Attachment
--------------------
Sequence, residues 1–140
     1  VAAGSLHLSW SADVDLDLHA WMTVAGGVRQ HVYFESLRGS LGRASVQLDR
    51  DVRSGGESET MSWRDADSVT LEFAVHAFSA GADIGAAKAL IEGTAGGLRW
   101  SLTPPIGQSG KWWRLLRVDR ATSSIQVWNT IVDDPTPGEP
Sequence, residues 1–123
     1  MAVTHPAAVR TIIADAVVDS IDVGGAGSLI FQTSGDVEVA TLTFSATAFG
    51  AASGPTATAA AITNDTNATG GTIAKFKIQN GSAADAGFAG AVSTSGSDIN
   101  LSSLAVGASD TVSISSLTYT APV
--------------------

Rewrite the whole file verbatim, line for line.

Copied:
Sequence, residues 1–140
     1  VAAGSLHLSW SADVDLDLHA WMTVAGGVRQ HVYFESLRGS LGRASVQLDR
    51  DVRSGGESET MSWRDADSVT LEFAVHAFSA GADIGAAKAL IEGTAGGLRW
   101  SLTPPIGQSG KWWRLLRVDR ATSSIQVWNT IVDDPTPGEP
Sequence, residues 1–123
     1  MAVTHPAAVR TIIADAVVDS IDVGGAGSLI FQTSGDVEVA TLTFSATAFG
    51  AASGPTATAA AITNDTNATG GTIAKFKIQN GSAADAGFAG AVSTSGSDIN
   101  LSSLAVGASD TVSISSLTYT APV